Too much UGA?
I just wanted to add my two cents worth to a letter from a recent writer who commented about the The Telegraph’s incessant coverage of UGA football. I am a long time Georgia football fan, but geez, guys, there are limits.
Your never-ending, 24/7 coverage of this topic is unreal and pretty darn aggravating. There are other football programs which deserve much more coverage, but none deserve the around the clock coverage in the middle of the summer. I’m also an Auburn fan (as are hundreds of other people in central Georgia) but you hardly ever publish anything about Auburn football. Just give it a break, people. It’s still August.
The editorial in Sunday’s Telegraph has to be one of the best ever published. I just wish it would be read by everyone in central Georgia and beyond. Great piece.
No name team
When I saw the five names for the new baseball team I cringed. How does it sound to say, “Let’s go see the Macon Bacon play ball” or see “the Macon Soul play ball”? I would not vote for any of the five. If I were a player, I would be embarrassed to have either on my uniform.
Why not ask the team to name itself or go back to the drawing board. Surely out of the thousand suggestions there must have been one that is more fitting for the team?
Tools for the job
I know the tax haters are going to come out of the woodwork voicing opposition to the proposed millage rate increase. I also know that those who are OK with it will probably sit back quietly because, good gosh, it’s not popular to be in favor of tax increases these days. Well, let me go ahead and step in it.
First of all, I can’t help but drive around Macon and be proud to see some of the wonderful improvements that have been made everywhere; new and fresh community centers, a vibrant downtown, improvements to our parks (the likes of which we have not seen in decades) and a school board and county government that now seems to be functioning pretty well for the most part.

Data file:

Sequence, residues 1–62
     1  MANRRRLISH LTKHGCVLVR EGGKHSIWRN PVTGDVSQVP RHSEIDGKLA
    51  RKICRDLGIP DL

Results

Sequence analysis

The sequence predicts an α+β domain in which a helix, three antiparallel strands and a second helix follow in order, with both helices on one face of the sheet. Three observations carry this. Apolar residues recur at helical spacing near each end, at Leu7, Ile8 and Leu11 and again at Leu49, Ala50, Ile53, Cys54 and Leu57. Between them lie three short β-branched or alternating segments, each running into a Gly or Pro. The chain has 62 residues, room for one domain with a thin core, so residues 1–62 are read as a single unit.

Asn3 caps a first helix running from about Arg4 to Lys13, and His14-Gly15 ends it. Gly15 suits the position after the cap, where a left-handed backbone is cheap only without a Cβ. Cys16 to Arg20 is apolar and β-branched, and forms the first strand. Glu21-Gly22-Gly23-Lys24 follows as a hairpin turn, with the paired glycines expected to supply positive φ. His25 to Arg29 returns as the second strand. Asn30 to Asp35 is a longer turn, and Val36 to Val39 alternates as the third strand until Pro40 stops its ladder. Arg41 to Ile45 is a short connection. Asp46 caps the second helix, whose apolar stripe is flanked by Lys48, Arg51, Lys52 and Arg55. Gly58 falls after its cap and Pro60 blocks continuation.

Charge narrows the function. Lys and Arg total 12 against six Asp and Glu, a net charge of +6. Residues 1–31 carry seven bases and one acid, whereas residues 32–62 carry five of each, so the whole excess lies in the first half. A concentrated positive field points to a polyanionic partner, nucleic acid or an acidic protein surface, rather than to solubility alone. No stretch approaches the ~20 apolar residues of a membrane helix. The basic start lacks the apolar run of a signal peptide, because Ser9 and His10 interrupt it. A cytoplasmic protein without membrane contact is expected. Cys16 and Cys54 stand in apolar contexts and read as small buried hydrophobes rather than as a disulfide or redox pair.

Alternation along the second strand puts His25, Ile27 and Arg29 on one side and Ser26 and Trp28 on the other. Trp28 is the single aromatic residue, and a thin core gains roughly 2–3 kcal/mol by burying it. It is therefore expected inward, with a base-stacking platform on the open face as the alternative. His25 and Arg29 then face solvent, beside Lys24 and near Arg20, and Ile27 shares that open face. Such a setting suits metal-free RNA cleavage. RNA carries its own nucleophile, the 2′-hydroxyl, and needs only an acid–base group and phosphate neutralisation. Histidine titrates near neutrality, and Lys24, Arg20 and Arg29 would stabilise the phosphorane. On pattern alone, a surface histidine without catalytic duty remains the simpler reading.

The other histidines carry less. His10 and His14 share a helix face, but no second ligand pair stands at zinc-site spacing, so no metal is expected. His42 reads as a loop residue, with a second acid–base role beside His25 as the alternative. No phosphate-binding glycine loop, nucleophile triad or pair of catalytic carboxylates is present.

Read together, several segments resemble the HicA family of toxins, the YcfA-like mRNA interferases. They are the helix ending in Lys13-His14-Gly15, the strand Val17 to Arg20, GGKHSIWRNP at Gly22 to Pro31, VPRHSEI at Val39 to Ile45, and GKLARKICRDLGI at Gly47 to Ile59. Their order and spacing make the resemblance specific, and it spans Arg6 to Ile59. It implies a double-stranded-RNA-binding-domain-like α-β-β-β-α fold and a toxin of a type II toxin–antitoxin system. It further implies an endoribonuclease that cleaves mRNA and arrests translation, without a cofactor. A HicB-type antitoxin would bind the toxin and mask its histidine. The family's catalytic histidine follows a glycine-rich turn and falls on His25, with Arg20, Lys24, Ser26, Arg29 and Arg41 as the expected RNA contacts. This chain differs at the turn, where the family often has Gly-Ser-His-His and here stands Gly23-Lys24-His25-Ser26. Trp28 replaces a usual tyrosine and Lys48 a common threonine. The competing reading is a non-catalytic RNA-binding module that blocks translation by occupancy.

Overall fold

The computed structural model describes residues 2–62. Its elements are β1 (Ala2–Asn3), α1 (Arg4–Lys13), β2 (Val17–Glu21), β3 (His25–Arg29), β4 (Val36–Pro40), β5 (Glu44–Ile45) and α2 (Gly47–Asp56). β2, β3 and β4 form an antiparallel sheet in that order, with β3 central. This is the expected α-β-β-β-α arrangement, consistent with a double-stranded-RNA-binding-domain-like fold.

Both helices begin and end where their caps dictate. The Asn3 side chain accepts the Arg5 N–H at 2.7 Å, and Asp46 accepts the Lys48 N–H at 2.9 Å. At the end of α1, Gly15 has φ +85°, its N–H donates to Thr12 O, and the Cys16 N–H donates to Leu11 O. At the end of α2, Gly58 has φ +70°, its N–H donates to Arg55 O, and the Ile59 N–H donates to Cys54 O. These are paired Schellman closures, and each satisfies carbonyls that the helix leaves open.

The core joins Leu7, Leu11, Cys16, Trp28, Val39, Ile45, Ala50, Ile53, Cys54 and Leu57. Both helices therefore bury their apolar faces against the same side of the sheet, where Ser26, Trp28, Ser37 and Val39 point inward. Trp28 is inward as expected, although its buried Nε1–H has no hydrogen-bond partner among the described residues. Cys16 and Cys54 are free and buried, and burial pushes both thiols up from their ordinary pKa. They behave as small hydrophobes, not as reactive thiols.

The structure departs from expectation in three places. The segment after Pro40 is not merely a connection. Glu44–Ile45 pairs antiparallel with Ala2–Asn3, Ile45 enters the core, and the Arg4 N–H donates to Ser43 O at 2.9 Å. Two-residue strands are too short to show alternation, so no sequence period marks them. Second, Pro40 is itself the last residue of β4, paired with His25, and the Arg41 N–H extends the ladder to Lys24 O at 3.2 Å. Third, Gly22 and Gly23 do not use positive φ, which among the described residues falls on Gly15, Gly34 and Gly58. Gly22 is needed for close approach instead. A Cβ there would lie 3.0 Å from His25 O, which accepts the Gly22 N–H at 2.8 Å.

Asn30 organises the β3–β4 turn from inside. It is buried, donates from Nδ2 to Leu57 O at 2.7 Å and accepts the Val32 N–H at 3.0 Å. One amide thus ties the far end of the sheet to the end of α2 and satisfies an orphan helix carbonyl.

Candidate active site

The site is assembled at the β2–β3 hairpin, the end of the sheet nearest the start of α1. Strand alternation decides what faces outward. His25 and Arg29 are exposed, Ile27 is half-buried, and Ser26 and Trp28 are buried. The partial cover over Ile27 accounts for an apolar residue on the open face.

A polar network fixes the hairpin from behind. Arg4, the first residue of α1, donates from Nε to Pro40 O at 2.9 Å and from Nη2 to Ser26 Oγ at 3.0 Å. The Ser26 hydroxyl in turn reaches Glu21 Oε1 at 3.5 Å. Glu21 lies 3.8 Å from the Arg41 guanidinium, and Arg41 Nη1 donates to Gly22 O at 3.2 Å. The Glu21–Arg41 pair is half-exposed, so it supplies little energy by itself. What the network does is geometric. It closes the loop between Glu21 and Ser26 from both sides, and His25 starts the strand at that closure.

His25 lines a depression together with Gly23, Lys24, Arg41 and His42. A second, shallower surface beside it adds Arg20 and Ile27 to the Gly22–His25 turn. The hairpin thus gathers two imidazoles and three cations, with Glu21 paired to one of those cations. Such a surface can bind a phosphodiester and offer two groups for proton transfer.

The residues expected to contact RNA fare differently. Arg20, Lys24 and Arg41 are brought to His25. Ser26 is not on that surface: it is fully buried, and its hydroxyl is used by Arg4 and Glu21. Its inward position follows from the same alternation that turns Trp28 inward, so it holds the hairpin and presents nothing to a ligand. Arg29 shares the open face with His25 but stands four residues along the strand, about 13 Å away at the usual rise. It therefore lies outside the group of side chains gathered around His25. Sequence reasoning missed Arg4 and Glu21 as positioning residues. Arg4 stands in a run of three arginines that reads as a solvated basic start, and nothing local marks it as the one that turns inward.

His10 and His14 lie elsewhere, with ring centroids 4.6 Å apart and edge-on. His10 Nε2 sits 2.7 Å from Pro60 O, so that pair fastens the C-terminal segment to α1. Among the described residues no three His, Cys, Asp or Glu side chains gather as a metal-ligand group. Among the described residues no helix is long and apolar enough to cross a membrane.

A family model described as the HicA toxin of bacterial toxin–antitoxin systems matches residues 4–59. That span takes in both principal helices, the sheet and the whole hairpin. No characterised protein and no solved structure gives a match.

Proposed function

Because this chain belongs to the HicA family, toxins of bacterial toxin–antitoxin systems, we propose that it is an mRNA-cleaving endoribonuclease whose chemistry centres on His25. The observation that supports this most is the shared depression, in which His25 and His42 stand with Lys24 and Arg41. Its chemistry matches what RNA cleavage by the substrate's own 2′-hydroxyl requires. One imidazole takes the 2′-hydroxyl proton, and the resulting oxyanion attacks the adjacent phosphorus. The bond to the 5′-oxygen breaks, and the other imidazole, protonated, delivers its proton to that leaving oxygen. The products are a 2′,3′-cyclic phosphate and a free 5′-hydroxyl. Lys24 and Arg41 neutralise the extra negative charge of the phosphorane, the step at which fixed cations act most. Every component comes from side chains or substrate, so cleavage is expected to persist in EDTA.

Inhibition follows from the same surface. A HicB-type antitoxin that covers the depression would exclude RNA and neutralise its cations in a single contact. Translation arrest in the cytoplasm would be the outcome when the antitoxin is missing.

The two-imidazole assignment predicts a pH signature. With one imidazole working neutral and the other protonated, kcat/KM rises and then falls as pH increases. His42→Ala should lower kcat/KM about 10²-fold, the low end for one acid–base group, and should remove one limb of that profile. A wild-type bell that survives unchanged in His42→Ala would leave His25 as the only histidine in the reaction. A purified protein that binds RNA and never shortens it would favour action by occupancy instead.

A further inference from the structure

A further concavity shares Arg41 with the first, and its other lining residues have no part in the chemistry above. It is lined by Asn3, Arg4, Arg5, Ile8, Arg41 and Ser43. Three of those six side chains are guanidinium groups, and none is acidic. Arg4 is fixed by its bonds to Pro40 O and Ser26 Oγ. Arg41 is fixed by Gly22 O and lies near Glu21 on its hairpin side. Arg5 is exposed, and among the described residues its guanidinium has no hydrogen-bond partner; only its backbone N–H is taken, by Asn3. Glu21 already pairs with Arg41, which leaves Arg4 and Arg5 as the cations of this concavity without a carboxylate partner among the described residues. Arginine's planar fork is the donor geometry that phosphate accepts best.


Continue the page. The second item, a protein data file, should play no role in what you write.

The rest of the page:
I know most of the infrastructure improvements have been funded by the SPLOST, which I strongly support and hope we vote for continuing, and many of the more visible improvements are thanks to private investments and our amazingly generous foundations. But the less sexy things are those things the millage increase will help; decent wages for police, firemen and county workers and all the costs associated with just running a city and county.
I know it will hurt some and I know we all hate to pay into something when we don’t get something tangible back. But, we do get something back. There is, I believe, an unwritten agreement wherein, we, as taxpayers, agree to foot the bill for running our local government — whatever that cost may be — and private industry, private investments and foundation money will help with the rest. How long do you think they will continue to invest if we put the brakes on and let the financial stability of our county government decay?